I wrote a post titled 6 Toxic Habits that Most People Think Are Normal. It was the wake up call these people needed to finally let go and accept that their relationship was gagging them with a s---spoon every day. ” and “Where’s an article on what makes a relationship great? Gottman then goes back and analyzes the conversation frame by frame looking at biometric data, body language, tonality and specific words chosen. Since writing it, it’s generated a staggering amount of thank you emails, and no less than 20 people notified me that it inspired them to end their relationships (or even in a few cases, their marriages). Sweet.) But the article also elicited a lot of questions like, “So if these habits ruin a relationship, what habits create a happy and healthy relationship? I didn’t want to just make it a (yet another) “learn to communicate and cuddle and watch sunsets and play with puppies together” type post. These are normal, everyday relationship issues that don’t get talked about because it’s far easier to talk about puppies and sunsets instead. This article explains how traits that don’t fit our traditional narrative for what love is and what love should be are actually necessary ingredients for lasting relationship success. Gottman devised the process of “thin-slicing” relationships, a technique where he hooks couples up to all sorts of biometric devices and then records them having short conversations about their problems.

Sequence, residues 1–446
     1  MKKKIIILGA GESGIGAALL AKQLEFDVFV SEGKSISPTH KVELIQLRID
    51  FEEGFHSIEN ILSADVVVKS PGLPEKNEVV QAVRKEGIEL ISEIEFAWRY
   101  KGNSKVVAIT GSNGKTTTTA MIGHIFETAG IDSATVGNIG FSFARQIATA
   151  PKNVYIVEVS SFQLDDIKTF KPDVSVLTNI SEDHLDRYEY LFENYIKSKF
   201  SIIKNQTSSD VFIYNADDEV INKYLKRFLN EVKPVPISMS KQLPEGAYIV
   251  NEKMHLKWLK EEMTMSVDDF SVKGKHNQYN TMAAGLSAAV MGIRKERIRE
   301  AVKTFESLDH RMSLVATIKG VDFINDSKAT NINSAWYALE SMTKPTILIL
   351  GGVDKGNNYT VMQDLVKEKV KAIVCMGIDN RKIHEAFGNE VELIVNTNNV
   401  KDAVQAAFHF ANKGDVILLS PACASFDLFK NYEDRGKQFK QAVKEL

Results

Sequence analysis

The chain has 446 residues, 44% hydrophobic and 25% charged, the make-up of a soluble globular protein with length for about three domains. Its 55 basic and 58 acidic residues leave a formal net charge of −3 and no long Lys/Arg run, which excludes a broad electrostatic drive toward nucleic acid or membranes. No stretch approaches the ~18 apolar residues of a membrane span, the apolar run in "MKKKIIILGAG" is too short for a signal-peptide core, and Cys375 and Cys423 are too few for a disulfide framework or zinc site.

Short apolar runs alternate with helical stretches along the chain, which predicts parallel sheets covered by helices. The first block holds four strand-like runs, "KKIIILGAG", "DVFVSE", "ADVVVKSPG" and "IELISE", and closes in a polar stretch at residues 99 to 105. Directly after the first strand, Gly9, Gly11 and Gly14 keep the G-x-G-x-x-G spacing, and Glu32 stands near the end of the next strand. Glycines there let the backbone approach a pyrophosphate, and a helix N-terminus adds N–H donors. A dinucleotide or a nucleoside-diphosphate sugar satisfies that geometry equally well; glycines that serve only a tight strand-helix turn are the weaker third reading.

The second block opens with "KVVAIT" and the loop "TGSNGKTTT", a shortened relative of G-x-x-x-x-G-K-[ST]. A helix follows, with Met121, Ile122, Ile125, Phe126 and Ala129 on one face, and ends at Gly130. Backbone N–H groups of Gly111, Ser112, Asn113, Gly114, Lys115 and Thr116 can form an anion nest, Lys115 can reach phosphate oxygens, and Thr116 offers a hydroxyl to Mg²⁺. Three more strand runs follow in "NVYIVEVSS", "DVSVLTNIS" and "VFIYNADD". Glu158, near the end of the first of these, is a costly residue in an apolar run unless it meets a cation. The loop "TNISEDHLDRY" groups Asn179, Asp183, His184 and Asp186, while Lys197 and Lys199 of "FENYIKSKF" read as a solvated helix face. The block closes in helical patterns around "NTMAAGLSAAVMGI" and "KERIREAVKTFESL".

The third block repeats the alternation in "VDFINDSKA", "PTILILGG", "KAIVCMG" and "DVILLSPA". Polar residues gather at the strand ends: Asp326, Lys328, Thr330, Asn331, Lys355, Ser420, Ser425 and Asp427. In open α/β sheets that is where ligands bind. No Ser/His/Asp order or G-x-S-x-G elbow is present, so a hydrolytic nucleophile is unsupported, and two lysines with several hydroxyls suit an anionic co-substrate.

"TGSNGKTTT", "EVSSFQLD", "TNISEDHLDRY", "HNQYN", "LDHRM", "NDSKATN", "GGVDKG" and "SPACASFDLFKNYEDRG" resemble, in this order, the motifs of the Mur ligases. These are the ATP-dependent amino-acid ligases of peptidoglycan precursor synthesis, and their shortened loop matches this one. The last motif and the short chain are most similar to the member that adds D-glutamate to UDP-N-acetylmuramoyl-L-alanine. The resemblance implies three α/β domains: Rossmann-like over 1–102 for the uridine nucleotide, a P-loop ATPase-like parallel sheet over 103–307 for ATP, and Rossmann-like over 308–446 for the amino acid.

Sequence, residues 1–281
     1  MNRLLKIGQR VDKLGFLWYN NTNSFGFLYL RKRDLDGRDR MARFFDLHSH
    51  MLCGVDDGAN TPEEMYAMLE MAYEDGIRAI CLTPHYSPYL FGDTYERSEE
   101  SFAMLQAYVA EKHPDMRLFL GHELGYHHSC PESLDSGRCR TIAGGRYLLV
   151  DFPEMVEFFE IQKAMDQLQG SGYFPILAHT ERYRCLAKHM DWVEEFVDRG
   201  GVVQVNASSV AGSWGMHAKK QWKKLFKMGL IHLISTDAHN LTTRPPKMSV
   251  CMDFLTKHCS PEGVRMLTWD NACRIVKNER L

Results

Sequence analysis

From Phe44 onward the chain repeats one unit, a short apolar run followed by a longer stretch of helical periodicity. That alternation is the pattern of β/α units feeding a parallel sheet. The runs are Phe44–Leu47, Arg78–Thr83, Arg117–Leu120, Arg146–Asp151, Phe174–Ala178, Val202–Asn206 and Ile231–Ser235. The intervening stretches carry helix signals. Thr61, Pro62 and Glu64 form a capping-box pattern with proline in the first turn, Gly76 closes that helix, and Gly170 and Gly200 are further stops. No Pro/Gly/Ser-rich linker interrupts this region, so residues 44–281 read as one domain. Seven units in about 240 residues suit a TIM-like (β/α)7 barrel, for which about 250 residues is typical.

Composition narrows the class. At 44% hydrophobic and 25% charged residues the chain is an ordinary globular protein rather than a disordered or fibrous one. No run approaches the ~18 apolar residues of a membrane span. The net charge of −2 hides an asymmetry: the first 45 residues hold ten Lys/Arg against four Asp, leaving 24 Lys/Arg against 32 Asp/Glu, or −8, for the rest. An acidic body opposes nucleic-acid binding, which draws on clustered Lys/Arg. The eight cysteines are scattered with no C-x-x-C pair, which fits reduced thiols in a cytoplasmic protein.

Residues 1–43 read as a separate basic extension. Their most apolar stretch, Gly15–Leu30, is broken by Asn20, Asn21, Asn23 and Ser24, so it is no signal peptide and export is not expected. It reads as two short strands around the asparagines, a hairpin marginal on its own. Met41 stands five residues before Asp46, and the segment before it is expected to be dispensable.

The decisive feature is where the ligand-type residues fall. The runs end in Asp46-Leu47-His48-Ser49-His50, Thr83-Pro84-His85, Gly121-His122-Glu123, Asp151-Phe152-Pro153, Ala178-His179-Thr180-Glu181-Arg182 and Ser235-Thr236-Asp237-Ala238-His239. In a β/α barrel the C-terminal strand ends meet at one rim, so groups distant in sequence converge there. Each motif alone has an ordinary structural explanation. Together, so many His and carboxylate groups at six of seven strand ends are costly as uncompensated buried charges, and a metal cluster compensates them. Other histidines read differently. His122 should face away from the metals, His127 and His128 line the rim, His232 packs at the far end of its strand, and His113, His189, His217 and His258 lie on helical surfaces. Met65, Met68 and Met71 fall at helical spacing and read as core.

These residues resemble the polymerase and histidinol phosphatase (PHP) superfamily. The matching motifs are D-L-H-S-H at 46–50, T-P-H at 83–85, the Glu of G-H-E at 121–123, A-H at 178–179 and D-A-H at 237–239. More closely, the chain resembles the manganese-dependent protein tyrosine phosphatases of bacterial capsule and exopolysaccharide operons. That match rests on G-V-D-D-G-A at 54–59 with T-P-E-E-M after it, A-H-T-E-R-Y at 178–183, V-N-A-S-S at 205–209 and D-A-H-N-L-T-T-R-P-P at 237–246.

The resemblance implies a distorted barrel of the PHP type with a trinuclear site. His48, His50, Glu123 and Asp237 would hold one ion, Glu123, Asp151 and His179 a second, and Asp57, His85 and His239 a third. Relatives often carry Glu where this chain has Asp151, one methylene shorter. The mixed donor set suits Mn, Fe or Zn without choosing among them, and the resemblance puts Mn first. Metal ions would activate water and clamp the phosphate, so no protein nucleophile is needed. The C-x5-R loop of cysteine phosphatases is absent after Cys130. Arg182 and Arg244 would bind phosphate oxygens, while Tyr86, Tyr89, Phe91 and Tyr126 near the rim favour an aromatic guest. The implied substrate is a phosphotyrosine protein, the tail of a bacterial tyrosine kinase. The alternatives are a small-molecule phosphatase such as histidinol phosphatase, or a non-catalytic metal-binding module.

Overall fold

Disagreements in a relationship are not only normal but, if constructively resolved, actually strengthen the relationship.
It is inevitable that there will be times of sadness, tension, or outright anger between you and your partner.
Are you a little unsure as to what is ok and not okay to do in a relationship and when?
Let me give you some insight as to what most guys are expecting to happen.
While the early months of a relationship can feel effortless and exciting, successful long-term relationships involve ongoing effort and compromise by both partners.
Building healthy patterns early in your relationship can establish a solid foundation for the long run.
The source of these problems may lie in unrealistic/unreasonable demands, unexplored expectations, or unresolved issues/behaviors in one partner or in the relationship.
Resolving conflicts requires honesty, a willingness to consider your partner's perspective even if you don't fully understand it, and lots of communication.
I’ve been spending some nights at your place and vice versa so I’d love for you to leave some clothes and a toothbrush at my place.
I want to see you with sweatpants and no makeup on!
Granted, I have far more experience screwing up relationships than making them work well, but I still wanted to take a stab at a “healthy relationship” post. If you love your partner, you shouldn’t have to be told to hold hands and watch sunsets together. Things like the role of fighting, hurting each other’s feelings, dealing with dissatisfaction or feeling the occasional attraction for other people. That article explained that many of our culture’s tacitly accepted relationship habits secretly erode intimacy, trust and happiness. Not only has he been studying intimate relationships for more than 40 years, but he practically invented the field.